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65 Shades of Grey [health care costs]

Tuesday, June 5th, 2012

June 5, 2012
Population aging has fuelled fears of skyrocketing health care costs… But often missing from the conversations are the factors that can have the biggest impact on health care spending because they have the largest impact on health. The most profound levers for change include reduced poverty, active living and home care. Paying attention to these factors will lead to more significant health care reform than any of the discussions that keep focusing solely on the existing system.

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Posted in Health Policy Context | 4 Comments »


Old Age Insecurity?

Monday, February 27th, 2012

Feb.27, 2012
Low-income seniors will be hardest hit by increasing the age of entitlement for Old Age Security, since they rely on that program for most of their income and they have a lower lifespan than middle- and upper-income Canadians. If the federal government goes ahead with that ill-considered change, then at least it should provide an income benefit to poor seniors aged 65 and 66 so that they do not have to keep working or remain on welfare for two more years.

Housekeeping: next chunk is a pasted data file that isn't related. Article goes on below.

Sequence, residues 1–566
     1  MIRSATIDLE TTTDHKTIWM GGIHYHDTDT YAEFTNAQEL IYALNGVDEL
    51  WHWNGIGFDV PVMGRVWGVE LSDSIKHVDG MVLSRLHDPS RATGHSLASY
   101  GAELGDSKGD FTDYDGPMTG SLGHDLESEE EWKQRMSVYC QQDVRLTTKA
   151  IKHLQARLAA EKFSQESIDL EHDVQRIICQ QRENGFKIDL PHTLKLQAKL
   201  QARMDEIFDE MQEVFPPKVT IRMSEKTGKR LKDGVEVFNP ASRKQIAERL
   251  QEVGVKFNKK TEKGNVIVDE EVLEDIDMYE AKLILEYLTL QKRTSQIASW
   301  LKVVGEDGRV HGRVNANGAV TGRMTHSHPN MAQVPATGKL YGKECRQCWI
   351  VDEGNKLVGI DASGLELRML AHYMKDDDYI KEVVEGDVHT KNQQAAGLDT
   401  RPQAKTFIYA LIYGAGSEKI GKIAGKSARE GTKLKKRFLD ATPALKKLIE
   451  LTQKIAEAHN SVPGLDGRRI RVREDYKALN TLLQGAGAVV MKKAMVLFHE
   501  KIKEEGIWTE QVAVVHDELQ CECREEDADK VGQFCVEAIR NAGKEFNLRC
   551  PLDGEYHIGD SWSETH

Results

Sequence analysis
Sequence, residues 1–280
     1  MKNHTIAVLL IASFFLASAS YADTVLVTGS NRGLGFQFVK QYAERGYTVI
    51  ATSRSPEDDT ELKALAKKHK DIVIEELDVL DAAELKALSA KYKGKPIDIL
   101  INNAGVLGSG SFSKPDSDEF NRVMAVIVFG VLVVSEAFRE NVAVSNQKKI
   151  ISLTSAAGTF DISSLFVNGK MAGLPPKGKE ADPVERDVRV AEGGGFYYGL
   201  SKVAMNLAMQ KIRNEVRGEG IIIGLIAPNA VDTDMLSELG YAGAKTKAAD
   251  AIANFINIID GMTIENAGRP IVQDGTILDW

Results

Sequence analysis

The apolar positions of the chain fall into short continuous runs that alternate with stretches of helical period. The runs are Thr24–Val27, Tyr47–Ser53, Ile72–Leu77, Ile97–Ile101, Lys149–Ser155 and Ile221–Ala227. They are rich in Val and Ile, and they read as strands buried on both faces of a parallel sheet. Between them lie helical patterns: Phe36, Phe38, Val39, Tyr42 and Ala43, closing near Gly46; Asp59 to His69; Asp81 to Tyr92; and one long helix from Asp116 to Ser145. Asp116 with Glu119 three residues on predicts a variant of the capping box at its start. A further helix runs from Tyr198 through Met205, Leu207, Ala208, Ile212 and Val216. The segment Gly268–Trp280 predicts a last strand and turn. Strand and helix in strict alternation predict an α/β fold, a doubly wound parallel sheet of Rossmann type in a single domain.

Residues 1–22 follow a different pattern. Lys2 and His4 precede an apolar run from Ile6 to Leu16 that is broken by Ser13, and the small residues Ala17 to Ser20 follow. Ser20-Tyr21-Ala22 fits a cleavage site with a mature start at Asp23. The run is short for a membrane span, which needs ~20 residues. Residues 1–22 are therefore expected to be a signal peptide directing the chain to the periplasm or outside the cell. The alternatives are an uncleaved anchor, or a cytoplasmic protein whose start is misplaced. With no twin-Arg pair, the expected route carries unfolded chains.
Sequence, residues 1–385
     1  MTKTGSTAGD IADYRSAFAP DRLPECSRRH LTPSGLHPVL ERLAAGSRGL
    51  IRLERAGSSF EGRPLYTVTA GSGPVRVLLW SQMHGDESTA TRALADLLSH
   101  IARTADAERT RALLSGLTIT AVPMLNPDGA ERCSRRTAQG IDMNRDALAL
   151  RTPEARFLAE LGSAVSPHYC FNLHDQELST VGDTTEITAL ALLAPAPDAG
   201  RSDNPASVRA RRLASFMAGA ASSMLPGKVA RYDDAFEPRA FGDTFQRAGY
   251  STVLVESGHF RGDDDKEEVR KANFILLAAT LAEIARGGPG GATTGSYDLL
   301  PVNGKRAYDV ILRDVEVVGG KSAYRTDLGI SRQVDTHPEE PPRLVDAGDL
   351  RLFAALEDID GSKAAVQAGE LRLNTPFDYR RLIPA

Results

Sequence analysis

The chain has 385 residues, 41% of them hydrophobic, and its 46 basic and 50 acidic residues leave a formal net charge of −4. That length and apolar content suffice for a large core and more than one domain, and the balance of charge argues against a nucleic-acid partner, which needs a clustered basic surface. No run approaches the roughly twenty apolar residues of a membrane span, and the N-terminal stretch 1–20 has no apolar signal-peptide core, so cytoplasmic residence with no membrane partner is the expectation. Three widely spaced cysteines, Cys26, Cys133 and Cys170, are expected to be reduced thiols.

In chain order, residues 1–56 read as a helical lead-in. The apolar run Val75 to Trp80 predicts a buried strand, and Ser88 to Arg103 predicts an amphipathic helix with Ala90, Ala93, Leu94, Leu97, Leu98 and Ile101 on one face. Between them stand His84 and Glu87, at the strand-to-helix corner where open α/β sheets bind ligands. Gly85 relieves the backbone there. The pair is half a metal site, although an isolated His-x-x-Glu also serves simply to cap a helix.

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Caledon Submission… on National Finance [Tax Credits]

Tuesday, December 13th, 2011

Dec. 12, 2011
We were pleased to see recognition of caregiver needs in Bill C-13. But we do not support the design of the new measure, which will deny assistance to lower-income families and provide tax assistance to non-poor families, including the well-off. Similarly, the Children’s Arts Tax Credit, while important acknowledgement of the value of arts and cultural activities, will do nothing for lower-income families but will help the rest, including the relatively well-off. We also raise general concerns regarding tax expenditures as a means of financing social needs.